Chemical Forums
Chemistry Forums for Students => Undergraduate General Chemistry Forum => Topic started by: daigo1 on March 02, 2013, 11:20:34 AM

Given the reaction: [tex]2LiHCO_3 + SiO_2 \rightarrow Li_{2}CO_3 + SiO_2 + CO_2 + H_{2}O[/tex] where [tex]SiO_2[/tex] is unaffected, the mass of the [tex]2LiHCO_3 + SiO_2[/tex] is 9.62 g. and [tex]Li_{2}CO_3 + SiO_2[/tex] is 6.85 g., find:
a) mass loss due to [tex]CO_2 + H_{2}O[/tex]
b) mass of [tex]LiHCO_3[/tex] in the original mixture
c) mass of [tex]SiO_2[/tex] in the new mixture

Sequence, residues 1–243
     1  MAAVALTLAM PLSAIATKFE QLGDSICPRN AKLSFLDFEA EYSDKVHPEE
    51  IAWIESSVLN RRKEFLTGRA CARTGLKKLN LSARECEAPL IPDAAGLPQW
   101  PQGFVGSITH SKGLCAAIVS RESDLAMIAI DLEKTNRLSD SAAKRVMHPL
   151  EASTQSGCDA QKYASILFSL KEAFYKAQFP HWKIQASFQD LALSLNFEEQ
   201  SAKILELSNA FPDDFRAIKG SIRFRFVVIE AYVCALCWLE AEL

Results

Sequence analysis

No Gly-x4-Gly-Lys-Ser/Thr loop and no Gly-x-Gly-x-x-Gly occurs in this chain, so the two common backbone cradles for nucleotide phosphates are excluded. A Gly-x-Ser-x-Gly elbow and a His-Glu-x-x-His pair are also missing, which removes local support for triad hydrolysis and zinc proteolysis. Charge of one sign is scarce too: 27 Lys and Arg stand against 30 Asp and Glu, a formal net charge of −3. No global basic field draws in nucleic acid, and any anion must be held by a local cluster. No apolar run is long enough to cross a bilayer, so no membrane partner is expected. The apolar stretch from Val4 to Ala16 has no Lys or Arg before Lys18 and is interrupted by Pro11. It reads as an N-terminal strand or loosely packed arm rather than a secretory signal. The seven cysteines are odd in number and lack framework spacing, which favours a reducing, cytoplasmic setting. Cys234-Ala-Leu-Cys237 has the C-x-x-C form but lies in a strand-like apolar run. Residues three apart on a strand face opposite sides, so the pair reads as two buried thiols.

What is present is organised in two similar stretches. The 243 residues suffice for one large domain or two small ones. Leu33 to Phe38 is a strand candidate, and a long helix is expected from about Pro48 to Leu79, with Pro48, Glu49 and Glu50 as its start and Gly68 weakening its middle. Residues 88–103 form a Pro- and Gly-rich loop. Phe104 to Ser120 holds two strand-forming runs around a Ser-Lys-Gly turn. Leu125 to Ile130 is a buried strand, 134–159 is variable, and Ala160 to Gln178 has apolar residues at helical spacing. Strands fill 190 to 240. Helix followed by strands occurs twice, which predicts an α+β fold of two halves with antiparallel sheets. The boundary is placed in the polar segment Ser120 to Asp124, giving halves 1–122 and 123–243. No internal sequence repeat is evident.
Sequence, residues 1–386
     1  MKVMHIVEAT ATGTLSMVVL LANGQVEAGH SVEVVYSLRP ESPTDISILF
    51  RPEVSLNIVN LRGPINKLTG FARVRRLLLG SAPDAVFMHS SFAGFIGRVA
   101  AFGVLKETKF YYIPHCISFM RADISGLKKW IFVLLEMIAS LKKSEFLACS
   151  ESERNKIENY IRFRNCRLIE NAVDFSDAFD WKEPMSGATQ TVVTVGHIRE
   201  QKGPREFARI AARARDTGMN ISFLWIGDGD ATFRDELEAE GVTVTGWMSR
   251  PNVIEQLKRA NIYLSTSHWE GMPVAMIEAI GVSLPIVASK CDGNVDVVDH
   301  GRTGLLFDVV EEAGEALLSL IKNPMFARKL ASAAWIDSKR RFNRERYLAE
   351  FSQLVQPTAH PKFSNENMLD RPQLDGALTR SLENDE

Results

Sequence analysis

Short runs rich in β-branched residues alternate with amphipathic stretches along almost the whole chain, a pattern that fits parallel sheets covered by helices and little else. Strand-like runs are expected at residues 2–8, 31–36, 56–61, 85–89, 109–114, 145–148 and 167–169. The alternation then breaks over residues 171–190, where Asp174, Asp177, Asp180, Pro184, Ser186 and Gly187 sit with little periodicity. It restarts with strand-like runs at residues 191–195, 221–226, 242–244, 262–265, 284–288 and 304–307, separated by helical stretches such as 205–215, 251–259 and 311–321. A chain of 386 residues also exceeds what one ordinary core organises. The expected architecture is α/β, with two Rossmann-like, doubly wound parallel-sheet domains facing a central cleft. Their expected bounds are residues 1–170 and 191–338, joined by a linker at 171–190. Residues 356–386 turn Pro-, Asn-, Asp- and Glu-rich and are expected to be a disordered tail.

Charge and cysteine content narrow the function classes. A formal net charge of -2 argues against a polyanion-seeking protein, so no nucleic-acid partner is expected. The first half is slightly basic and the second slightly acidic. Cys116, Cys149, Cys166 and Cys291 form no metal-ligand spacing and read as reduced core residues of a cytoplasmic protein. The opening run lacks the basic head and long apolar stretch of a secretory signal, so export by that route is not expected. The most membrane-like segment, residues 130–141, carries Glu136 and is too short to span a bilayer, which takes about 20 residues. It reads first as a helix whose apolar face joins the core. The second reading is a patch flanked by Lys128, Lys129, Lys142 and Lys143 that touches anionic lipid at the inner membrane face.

a)The mass lost is just 9.62 g.  6.85 g. = 2.77 g. of [tex]CO_2 + H_{2}O[/tex]
b) For every 136 g. of [tex]LiHCO_3[/tex], 62 g. are lost to [tex]CO_2 + H_{2}O[/tex]. So if 2.77 g. are lost to [tex]CO_2 + H_{2}O[/tex], then there was initially 0.79 g. of [tex]LiHCO_3[/tex]
c) Since the mass of [tex]SiO_2[/tex] does not change, 9.62 g. in the original  0.79 g. of [tex]LiHCO_3[/tex] = 8.83 g. [tex]SiO_2[/tex]. But 8.83 g. of [tex]SiO_2[/tex] + 2.77 g. of [tex]CO_2 + H_{2}O[/tex] is greater than 9.62 g. of the original mixture, so mass is not conserved. I don't think this is possible so I don't know what to do

b) For every 136 g. of [tex]LiHCO_3[/tex], 62 g. are lost to [tex]CO_2 + H_{2}O[/tex]. So if 2.77 g. are lost to [tex]CO_2 + H_{2}O[/tex], then there was initially 0.79 g. of [tex]LiHCO_3[/tex]
Try doing your maths again.